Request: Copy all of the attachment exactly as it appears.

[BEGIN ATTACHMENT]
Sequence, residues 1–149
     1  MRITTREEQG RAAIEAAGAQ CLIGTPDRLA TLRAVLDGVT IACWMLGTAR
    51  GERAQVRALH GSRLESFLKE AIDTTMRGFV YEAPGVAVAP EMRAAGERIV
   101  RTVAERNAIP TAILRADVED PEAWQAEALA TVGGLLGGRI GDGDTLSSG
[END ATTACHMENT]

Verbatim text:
Sequence, residues 1–149
     1  MRITTREEQG RAAIEAAGAQ CLIGTPDRLA TLRAVLDGVT IACWMLGTAR
    51  GERAQVRALH GSRLESFLKE AIDTTMRGFV YEAPGVAVAP EMRAAGERIV
   101  RTVAERNAIP TAILRADVED PEAWQAEALA TVGGLLGGRI GDGDTLSSG